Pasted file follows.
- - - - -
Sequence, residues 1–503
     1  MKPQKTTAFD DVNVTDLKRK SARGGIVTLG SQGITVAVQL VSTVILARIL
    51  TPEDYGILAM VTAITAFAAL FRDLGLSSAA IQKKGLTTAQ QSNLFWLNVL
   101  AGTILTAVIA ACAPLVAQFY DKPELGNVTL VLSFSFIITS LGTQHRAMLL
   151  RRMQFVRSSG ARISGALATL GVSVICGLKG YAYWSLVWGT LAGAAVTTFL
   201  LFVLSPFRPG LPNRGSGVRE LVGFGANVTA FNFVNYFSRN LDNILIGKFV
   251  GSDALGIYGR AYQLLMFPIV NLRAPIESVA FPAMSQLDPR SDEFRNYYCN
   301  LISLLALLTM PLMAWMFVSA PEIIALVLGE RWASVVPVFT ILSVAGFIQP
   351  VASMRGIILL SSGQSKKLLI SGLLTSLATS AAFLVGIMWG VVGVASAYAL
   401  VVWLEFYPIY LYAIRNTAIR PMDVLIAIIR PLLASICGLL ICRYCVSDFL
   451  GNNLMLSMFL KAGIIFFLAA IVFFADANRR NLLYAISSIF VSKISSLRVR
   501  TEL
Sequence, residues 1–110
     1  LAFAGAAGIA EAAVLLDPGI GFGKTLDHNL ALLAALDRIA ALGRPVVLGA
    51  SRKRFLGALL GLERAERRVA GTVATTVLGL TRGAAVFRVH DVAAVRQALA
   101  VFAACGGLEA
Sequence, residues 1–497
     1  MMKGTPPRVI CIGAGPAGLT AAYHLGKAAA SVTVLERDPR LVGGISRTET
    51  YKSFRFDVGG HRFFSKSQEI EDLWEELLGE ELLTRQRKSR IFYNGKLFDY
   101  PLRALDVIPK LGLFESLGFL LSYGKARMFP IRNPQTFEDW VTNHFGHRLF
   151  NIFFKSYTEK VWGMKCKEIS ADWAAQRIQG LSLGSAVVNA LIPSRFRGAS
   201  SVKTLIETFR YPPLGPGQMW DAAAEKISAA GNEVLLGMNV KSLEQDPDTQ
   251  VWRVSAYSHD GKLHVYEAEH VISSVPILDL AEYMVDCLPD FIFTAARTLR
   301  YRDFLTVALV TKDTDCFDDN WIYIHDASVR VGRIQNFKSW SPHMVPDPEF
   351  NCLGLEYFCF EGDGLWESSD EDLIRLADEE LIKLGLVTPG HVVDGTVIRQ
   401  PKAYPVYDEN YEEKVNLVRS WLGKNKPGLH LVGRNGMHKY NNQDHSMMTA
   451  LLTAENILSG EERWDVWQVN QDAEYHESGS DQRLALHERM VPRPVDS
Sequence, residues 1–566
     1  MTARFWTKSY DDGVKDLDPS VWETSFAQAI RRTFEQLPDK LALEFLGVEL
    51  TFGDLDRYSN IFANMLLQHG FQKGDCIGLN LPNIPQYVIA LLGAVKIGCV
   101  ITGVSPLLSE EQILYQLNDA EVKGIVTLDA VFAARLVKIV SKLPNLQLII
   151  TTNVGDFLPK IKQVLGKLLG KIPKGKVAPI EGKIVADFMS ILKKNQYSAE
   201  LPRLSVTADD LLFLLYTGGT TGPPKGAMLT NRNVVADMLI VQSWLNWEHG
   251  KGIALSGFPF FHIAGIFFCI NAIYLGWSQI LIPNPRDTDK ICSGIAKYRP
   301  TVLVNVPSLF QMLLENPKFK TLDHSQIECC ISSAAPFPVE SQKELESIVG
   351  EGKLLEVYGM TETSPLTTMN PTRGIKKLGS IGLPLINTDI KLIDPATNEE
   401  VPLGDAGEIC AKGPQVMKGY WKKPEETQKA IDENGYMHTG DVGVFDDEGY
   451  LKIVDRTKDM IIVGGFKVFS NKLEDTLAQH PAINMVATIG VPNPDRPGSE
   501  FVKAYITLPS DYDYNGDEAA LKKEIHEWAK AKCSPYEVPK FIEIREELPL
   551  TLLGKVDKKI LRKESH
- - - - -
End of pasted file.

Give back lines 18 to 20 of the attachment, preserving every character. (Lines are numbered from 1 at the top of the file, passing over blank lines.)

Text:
     1  MMKGTPPRVI CIGAGPAGLT AAYHLGKAAA SVTVLERDPR LVGGISRTET
    51  YKSFRFDVGG HRFFSKSQEI EDLWEELLGE ELLTRQRKSR IFYNGKLFDY
   101  PLRALDVIPK LGLFESLGFL LSYGKARMFP IRNPQTFEDW VTNHFGHRLF